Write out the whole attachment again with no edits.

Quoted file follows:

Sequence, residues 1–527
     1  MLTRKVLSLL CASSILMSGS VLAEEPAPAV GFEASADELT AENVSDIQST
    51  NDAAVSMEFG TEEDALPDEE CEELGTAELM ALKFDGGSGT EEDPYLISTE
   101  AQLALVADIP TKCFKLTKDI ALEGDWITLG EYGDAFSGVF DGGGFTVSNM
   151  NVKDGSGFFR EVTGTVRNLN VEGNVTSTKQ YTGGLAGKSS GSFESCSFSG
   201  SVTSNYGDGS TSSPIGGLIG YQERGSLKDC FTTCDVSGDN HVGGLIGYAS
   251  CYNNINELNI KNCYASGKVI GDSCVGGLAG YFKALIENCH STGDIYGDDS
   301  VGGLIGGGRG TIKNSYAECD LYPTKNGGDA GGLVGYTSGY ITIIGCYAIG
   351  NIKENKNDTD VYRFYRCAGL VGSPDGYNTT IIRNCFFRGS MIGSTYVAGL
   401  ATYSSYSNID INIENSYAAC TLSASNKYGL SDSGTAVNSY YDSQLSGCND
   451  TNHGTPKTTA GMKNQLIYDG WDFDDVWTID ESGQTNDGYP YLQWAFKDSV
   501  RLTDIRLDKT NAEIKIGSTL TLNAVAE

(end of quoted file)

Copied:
Sequence, residues 1–527
     1  MLTRKVLSLL CASSILMSGS VLAEEPAPAV GFEASADELT AENVSDIQST
    51  NDAAVSMEFG TEEDALPDEE CEELGTAELM ALKFDGGSGT EEDPYLISTE
   101  AQLALVADIP TKCFKLTKDI ALEGDWITLG EYGDAFSGVF DGGGFTVSNM
   151  NVKDGSGFFR EVTGTVRNLN VEGNVTSTKQ YTGGLAGKSS GSFESCSFSG
   201  SVTSNYGDGS TSSPIGGLIG YQERGSLKDC FTTCDVSGDN HVGGLIGYAS
   251  CYNNINELNI KNCYASGKVI GDSCVGGLAG YFKALIENCH STGDIYGDDS
   301  VGGLIGGGRG TIKNSYAECD LYPTKNGGDA GGLVGYTSGY ITIIGCYAIG
   351  NIKENKNDTD VYRFYRCAGL VGSPDGYNTT IIRNCFFRGS MIGSTYVAGL
   401  ATYSSYSNID INIENSYAAC TLSASNKYGL SDSGTAVNSY YDSQLSGCND
   451  TNHGTPKTTA GMKNQLIYDG WDFDDVWTID ESGQTNDGYP YLQWAFKDSV
   501  RLTDIRLDKT NAEIKIGSTL TLNAVAE